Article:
Plugins – the ideally practical, sometimes clunky accessories of the WordPress world. They can make your website simpler to manage – or they can clash with your theme or other programs and screw everything up.
Ah, plugins. Can’t live with you, sometimes want to stuff your face with kale and make you better (this is the kind of week I’ve had: the kind that only allows me to write semi-coherent blog posts because my brain feels mushy. And not because I’ve been partying. I’m a professional. I get high on gluten-free cupcakes. Also on flying over cityscapes sporting a swank purple cape. More on this soon.)
You’ve searched for something you can use and finally found a plugin that sounds fantastic, like it will maybe make ¼ of one of your dreams come true. But… are all plugins built the same way? How do you choose the right ones? And how should you weed out any that could be holding back your website?
Let’s make your website fitter, happier, and more productive without sending it to a therapist:
1) How to find what you need
You might expect to find everything you desire within the WordPress directory, but this is not the case. Trust Google first on this one. Premium (paid) plugins – such as WishList Member, used to build membership sites – will not show up in the directory even though they may be exactly what you’re looking for. So try Google first, and if you have no luck, move on to the WordPress directory.
Take a minute or two to peruse the reviews. You may quickly learn of any existing bugs to be mindful of. And whether the plugin sucks.
When is the last time your plugin of choice was updated? The WordPress directory will alert you with a rectangular yellow box if it has not been updated in the past two years. Forget those. Get demanding with this and go for one that’s been updated in the past six months, ideally. This will help ensure there are no bugs and that it is compatible with the latest version of WordPress and perhaps even other programs you may be running.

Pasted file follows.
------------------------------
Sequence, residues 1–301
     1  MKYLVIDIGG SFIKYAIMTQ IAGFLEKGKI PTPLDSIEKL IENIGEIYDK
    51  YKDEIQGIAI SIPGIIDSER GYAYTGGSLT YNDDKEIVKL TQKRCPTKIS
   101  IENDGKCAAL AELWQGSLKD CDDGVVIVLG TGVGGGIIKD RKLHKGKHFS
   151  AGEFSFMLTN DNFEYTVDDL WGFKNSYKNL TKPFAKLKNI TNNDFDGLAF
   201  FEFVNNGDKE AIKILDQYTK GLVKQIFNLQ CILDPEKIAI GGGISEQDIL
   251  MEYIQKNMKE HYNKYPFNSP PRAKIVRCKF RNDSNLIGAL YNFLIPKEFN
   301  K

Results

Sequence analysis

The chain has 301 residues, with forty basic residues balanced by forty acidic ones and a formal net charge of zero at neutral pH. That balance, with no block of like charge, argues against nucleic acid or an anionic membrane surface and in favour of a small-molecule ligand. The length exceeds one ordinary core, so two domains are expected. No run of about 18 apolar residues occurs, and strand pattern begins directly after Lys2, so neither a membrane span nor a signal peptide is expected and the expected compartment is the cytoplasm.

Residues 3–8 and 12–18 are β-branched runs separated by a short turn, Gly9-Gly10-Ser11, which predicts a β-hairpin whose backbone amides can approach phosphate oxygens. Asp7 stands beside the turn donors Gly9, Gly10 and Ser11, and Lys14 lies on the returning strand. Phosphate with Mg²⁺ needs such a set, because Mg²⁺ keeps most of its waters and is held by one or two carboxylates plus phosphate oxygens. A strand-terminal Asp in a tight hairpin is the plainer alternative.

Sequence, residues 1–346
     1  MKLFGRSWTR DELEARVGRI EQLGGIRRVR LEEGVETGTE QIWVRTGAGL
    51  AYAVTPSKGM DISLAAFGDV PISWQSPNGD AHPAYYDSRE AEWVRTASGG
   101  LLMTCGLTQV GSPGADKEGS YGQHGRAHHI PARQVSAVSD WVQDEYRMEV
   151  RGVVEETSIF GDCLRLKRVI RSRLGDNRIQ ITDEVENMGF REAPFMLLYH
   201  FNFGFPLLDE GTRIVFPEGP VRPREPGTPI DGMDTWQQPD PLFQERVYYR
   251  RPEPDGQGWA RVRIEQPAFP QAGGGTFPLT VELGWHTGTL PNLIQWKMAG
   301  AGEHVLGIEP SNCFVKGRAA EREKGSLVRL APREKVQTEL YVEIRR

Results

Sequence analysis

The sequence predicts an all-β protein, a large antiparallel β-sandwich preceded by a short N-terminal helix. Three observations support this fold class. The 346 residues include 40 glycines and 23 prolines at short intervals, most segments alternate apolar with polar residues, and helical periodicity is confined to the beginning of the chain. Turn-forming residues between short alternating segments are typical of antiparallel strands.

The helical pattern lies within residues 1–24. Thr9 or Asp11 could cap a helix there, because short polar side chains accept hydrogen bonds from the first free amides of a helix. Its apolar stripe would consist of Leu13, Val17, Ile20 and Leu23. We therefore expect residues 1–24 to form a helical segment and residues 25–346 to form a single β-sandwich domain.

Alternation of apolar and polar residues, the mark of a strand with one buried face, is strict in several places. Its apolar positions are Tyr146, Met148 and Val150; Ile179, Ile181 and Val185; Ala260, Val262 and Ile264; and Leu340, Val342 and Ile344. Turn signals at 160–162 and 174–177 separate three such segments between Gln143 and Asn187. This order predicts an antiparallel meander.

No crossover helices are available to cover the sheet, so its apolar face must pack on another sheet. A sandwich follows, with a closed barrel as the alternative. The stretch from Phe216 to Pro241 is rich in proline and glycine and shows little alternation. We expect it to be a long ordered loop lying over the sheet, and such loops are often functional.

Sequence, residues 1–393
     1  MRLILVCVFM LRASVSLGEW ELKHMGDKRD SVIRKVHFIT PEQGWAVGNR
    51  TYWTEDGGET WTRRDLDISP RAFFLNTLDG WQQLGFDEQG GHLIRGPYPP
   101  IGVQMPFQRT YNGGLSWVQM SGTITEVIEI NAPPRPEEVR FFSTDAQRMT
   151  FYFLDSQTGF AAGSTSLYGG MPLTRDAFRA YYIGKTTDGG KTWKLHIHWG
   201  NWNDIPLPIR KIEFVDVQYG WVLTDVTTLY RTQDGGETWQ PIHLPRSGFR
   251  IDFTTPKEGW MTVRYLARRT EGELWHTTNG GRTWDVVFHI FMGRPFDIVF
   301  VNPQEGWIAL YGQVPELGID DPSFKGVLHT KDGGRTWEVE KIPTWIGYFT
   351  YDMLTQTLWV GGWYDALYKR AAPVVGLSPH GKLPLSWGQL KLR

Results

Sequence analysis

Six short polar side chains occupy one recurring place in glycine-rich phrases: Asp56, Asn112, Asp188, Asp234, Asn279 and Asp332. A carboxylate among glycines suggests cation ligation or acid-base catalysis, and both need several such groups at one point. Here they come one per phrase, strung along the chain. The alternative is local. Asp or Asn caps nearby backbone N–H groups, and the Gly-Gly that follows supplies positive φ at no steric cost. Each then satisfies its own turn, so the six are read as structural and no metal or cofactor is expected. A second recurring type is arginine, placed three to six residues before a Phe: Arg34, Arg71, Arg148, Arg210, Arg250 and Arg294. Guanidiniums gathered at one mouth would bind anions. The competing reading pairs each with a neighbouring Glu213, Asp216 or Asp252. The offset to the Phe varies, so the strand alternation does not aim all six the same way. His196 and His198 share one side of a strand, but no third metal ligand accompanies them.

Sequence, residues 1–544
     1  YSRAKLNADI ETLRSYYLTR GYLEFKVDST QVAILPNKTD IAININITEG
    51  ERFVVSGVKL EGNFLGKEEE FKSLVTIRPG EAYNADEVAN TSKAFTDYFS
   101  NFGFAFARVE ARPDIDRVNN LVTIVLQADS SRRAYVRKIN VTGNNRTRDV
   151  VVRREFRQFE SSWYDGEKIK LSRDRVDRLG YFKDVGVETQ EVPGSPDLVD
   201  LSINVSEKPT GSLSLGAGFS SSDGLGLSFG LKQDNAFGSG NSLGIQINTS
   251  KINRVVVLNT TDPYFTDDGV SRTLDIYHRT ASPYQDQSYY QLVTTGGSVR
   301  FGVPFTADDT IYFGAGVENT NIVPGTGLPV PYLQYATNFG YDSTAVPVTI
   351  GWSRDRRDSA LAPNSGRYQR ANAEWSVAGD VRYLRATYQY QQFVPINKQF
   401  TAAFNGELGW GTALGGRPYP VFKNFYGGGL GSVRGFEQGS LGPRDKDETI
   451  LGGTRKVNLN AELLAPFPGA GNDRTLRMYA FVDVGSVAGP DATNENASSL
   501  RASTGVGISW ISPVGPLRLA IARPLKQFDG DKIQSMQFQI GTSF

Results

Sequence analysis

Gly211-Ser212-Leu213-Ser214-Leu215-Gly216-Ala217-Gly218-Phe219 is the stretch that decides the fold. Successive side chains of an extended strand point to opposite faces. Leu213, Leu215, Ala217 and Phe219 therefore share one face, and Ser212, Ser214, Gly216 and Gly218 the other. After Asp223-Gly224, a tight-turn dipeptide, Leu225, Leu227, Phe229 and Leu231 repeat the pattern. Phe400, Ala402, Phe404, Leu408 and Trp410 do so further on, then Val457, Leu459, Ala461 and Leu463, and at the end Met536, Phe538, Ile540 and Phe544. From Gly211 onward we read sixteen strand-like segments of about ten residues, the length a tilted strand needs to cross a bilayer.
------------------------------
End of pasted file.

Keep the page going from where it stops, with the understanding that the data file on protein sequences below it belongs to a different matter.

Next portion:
4) Ask yourself
Do you really need it? Is there a plugin you already have that can fulfill the functions of the one you want to install? Can you find a plugin that carries out several functions you need at once? For example, if you have a plugin installed that automatically backs up your website, and you’re also using a security plugin with multitasking abilities, you could perhaps configure the latter to also back up your site. You could then deactivate and delete your original backup plugin while still having your website automatically backed up and the files delivered to you regularly.
5) Discard non-essentials
Deactivate and delete any plugins you are not using. Even when deactivated, they can still interfere with their peers and cause mysterious and frustrating problems – don’t be surprised if you’re running dozens of plugins and encountering random issues with your site! Think of it as weeding toxic people out of your life. I do this about once a year to help me consciously grow healthier and happier (do I sound like a hippie yet?). So go zen and let go of any potential plugin villains that may be undermining your website. And ugly fonts like Comic Sans. And shoulder pads. Although some hipsters seem to be pulling those off. My mom does too. Go mom.
Rejoice! You now know of 5 simple ways to choose and use plugins like a pro.
Tell me: what kinds of plugins would help your website be “fitter, happier, and more productive”? What plugin villains can you kick out right now?
As always, thank you for reading. Please share this blog post if you enjoyed the content!